Inauguration 2021: Joe Biden and Kamala Harris Sworn In as 46th President and 49th Vice President of US
President Joe Biden and Vice President Kamala Harris took the oath of office today, making history in the United States for more reasons than one in a ceremony that at the same time honored and kept with tradition.
Biden was sworn in as the 46th president of the U.S., the nation's second Catholic commander in chief., something not seen since President John F. Kennedy made history in 1961 as the country's first. Chief Justice John Roberts delivered the oath in an unprecedented inauguration held after an assault on the Capitol on Jan. 6 and during a pandemic that has now made coronavirus the leading cause of death in America.
Biden placed his his hand atop the same Bible he has used to be sworn into office since he became a senator in 1973, his 127-year-old, 5-inch-thick family Bible, Today reported. "It's just been a family heirloom on the Biden side of the family, and every important date is in there," he told late-night host Stephen Colbert last month. The Bible was held by his wife, Jill Biden.
Harris became the nation's first female vice president, the first Asian American vice president and the first Black vice president.
"While I may be the first woman in this office, I will not be the last," she said during her election victory speech, referencing the way in which her mother wanted her to live her life: to not only be a trailblazer, but someone who pulled others up with her.
Harris was sworn in by Justice Sonia Sotomayor, the first Latina on the high court. The vice president had been escorted to the proceedings by Eugene Goodman, the Capitol Police officer who went viral after leading Trump rioters away from the Senate chamber during the deadly insurrection earlier this month.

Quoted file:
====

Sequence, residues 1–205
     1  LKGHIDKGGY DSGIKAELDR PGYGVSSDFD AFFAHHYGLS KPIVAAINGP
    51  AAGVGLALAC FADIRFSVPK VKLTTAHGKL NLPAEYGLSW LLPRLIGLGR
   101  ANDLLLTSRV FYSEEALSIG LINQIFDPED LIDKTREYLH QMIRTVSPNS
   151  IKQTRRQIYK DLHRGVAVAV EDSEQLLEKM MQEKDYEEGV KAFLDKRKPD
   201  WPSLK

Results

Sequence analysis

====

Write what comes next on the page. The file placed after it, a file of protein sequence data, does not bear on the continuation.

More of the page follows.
Goodman is now the acting deputy Senate sergeant-at-arms.
Biden and Harris were sworn in before noon ET and Biden then delivered his first address as president. "The will of the people has been heard," he said. "Democracy has prevailed."
"This is a great nation. We are good people," Biden said.
President Biden pleaded for unity to a divided nation. “This is our historic moment of crisis and challenge," he said on the Capitol steps. “And unity is the path forward. And we must meet this moment as the United States of America. If we do that, I guarantee you we will not fail.”
In a nod to Trump's divisiveness, which has scarred the country and pitted neighbor against neighbor, Biden declared, “I will be a president for all Americans.”
The ceremony featured Lady Gaga singing the national anthem while holding a gold microphone, Jennifer Lopez singing a medley of “This Land Is Your Land” and “America the Beautiful,” to which she added a line from her 1999 hit “Let’s Get Loud," and Garth Brooks performing the gospel standard "Amazing Grace."
But it was Amanda Gorman, a Black 22-year-old poet from Los Angeles, who provided one of the most poignant moments in a day packed with history-making events.
The youngest poet ever to speak at an inauguration joined literary legends including Maya Angelou and Robert Frost in reading her work at the Capitol podium.
She had penned "The Hill We Climb," in the days leading up to this one.
"We've seen a force that would shatter our nation rather than share it, would destroy our country if it meant delaying democracy. And this effort very nearly succeeded. But while democracy can be periodically delayed, it can never be permanently defeated.
"In this truth, in this faith, we trust. For while we have our eyes on the future, history has its eyes on us," she said.
Many members of Congress, the Supreme Court and former presidents attended. Barack and Michelle Obama, George W. and Laura Bush, and Bill and Hillary Clinton were there. Jimmy Carter, who at 96 is the country's oldest living former president, and former First Lady Rosalynn Carter, did not attend, but sent Biden and Harris their “best wishes” and “look forward to a successful administration," NBC News reported.
Donald Trump left Washington, D.C., before the ceremony. He is the first president to refuse attending his successor's swearing in since Andrew Johnson snubbed the inauguration of Ulysses S. Grant in 1869. Vice President Mike Pence did attend.
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